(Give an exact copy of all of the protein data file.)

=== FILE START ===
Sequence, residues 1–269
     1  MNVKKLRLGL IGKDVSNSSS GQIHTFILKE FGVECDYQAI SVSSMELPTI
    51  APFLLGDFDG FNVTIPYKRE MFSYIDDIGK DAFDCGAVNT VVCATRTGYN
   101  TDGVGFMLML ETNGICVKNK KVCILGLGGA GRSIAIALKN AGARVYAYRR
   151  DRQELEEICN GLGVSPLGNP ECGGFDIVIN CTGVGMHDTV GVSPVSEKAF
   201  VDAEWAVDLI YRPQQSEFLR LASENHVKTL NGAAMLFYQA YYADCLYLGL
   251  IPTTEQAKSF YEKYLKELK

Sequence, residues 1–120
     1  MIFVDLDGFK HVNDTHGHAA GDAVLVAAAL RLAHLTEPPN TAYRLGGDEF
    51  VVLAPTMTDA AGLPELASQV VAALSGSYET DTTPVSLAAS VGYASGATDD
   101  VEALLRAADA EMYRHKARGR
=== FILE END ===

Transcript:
Sequence, residues 1–269
     1  MNVKKLRLGL IGKDVSNSSS GQIHTFILKE FGVECDYQAI SVSSMELPTI
    51  APFLLGDFDG FNVTIPYKRE MFSYIDDIGK DAFDCGAVNT VVCATRTGYN
   101  TDGVGFMLML ETNGICVKNK KVCILGLGGA GRSIAIALKN AGARVYAYRR
   151  DRQELEEICN GLGVSPLGNP ECGGFDIVIN CTGVGMHDTV GVSPVSEKAF
   201  VDAEWAVDLI YRPQQSEFLR LASENHVKTL NGAAMLFYQA YYADCLYLGL
   251  IPTTEQAKSF YEKYLKELK

Sequence, residues 1–120
     1  MIFVDLDGFK HVNDTHGHAA GDAVLVAAAL RLAHLTEPPN TAYRLGGDEF
    51  VVLAPTMTDA AGLPELASQV VAALSGSYET DTTPVSLAAS VGYASGATDD
   101  VEALLRAADA EMYRHKARGR